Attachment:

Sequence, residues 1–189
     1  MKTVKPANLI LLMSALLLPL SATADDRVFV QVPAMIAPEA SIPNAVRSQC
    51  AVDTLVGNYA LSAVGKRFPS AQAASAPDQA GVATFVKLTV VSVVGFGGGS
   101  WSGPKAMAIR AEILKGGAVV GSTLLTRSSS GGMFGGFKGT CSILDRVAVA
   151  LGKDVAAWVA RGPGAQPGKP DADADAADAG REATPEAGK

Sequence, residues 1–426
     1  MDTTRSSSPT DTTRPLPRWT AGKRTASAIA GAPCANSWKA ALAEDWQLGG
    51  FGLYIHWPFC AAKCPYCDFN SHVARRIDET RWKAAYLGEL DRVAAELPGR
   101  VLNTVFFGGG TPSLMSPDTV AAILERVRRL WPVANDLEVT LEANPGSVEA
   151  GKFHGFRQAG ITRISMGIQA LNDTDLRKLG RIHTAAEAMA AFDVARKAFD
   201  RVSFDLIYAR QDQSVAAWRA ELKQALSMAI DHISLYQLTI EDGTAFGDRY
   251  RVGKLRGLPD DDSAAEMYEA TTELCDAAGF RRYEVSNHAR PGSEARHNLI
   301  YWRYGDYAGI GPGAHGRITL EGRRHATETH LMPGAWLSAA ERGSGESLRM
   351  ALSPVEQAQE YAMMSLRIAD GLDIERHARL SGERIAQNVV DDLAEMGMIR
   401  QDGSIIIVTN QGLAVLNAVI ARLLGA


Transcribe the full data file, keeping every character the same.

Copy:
Sequence, residues 1–189
     1  MKTVKPANLI LLMSALLLPL SATADDRVFV QVPAMIAPEA SIPNAVRSQC
    51  AVDTLVGNYA LSAVGKRFPS AQAASAPDQA GVATFVKLTV VSVVGFGGGS
   101  WSGPKAMAIR AEILKGGAVV GSTLLTRSSS GGMFGGFKGT CSILDRVAVA
   151  LGKDVAAWVA RGPGAQPGKP DADADAADAG REATPEAGK

Sequence, residues 1–426
     1  MDTTRSSSPT DTTRPLPRWT AGKRTASAIA GAPCANSWKA ALAEDWQLGG
    51  FGLYIHWPFC AAKCPYCDFN SHVARRIDET RWKAAYLGEL DRVAAELPGR
   101  VLNTVFFGGG TPSLMSPDTV AAILERVRRL WPVANDLEVT LEANPGSVEA
   151  GKFHGFRQAG ITRISMGIQA LNDTDLRKLG RIHTAAEAMA AFDVARKAFD
   201  RVSFDLIYAR QDQSVAAWRA ELKQALSMAI DHISLYQLTI EDGTAFGDRY
   251  RVGKLRGLPD DDSAAEMYEA TTELCDAAGF RRYEVSNHAR PGSEARHNLI
   301  YWRYGDYAGI GPGAHGRITL EGRRHATETH LMPGAWLSAA ERGSGESLRM
   351  ALSPVEQAQE YAMMSLRIAD GLDIERHARL SGERIAQNVV DDLAEMGMIR
   401  QDGSIIIVTN QGLAVLNAVI ARLLGA